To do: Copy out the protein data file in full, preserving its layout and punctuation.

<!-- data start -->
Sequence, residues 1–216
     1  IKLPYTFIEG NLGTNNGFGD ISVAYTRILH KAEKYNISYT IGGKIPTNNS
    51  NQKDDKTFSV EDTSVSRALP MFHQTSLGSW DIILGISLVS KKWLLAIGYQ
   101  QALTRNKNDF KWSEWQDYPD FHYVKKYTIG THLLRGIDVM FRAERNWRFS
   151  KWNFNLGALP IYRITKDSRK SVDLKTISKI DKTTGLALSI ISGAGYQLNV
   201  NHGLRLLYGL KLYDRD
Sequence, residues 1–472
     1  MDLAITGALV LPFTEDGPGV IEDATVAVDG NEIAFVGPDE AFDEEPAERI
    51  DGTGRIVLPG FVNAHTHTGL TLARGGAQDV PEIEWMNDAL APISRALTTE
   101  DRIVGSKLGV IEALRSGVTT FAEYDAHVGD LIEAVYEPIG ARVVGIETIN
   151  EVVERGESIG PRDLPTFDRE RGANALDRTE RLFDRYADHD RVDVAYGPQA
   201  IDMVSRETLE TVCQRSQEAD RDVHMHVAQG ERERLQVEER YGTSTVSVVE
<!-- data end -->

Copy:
Sequence, residues 1–216
     1  IKLPYTFIEG NLGTNNGFGD ISVAYTRILH KAEKYNISYT IGGKIPTNNS
    51  NQKDDKTFSV EDTSVSRALP MFHQTSLGSW DIILGISLVS KKWLLAIGYQ
   101  QALTRNKNDF KWSEWQDYPD FHYVKKYTIG THLLRGIDVM FRAERNWRFS
   151  KWNFNLGALP IYRITKDSRK SVDLKTISKI DKTTGLALSI ISGAGYQLNV
   201  NHGLRLLYGL KLYDRD
Sequence, residues 1–472
     1  MDLAITGALV LPFTEDGPGV IEDATVAVDG NEIAFVGPDE AFDEEPAERI
    51  DGTGRIVLPG FVNAHTHTGL TLARGGAQDV PEIEWMNDAL APISRALTTE
   101  DRIVGSKLGV IEALRSGVTT FAEYDAHVGD LIEAVYEPIG ARVVGIETIN
   151  EVVERGESIG PRDLPTFDRE RGANALDRTE RLFDRYADHD RVDVAYGPQA
   201  IDMVSRETLE TVCQRSQEAD RDVHMHVAQG ERERLQVEER YGTSTVSVVE